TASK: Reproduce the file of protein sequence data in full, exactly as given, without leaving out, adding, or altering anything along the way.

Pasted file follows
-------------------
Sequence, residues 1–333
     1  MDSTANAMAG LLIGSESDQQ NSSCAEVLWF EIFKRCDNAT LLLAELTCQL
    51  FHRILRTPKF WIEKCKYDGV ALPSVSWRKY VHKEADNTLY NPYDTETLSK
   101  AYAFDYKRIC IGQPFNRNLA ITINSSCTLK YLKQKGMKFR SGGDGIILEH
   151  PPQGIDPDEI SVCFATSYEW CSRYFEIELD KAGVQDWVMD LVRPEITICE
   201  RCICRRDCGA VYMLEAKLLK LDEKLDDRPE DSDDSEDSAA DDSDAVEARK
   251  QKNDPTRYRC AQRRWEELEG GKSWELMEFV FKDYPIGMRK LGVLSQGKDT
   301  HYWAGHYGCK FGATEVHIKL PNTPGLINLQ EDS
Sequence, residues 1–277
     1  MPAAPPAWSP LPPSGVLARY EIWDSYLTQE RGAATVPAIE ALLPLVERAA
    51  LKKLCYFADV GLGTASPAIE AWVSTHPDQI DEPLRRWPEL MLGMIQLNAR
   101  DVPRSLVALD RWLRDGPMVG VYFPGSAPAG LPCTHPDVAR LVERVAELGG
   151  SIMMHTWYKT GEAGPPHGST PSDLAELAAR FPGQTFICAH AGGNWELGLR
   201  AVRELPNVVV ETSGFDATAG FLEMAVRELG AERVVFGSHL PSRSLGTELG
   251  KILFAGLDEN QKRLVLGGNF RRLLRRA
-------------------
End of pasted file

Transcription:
Sequence, residues 1–333
     1  MDSTANAMAG LLIGSESDQQ NSSCAEVLWF EIFKRCDNAT LLLAELTCQL
    51  FHRILRTPKF WIEKCKYDGV ALPSVSWRKY VHKEADNTLY NPYDTETLSK
   101  AYAFDYKRIC IGQPFNRNLA ITINSSCTLK YLKQKGMKFR SGGDGIILEH
   151  PPQGIDPDEI SVCFATSYEW CSRYFEIELD KAGVQDWVMD LVRPEITICE
   201  RCICRRDCGA VYMLEAKLLK LDEKLDDRPE DSDDSEDSAA DDSDAVEARK
   251  QKNDPTRYRC AQRRWEELEG GKSWELMEFV FKDYPIGMRK LGVLSQGKDT
   301  HYWAGHYGCK FGATEVHIKL PNTPGLINLQ EDS
Sequence, residues 1–277
     1  MPAAPPAWSP LPPSGVLARY EIWDSYLTQE RGAATVPAIE ALLPLVERAA
    51  LKKLCYFADV GLGTASPAIE AWVSTHPDQI DEPLRRWPEL MLGMIQLNAR
   101  DVPRSLVALD RWLRDGPMVG VYFPGSAPAG LPCTHPDVAR LVERVAELGG
   151  SIMMHTWYKT GEAGPPHGST PSDLAELAAR FPGQTFICAH AGGNWELGLR
   201  AVRELPNVVV ETSGFDATAG FLEMAVRELG AERVVFGSHL PSRSLGTELG
   251  KILFAGLDEN QKRLVLGGNF RRLLRRA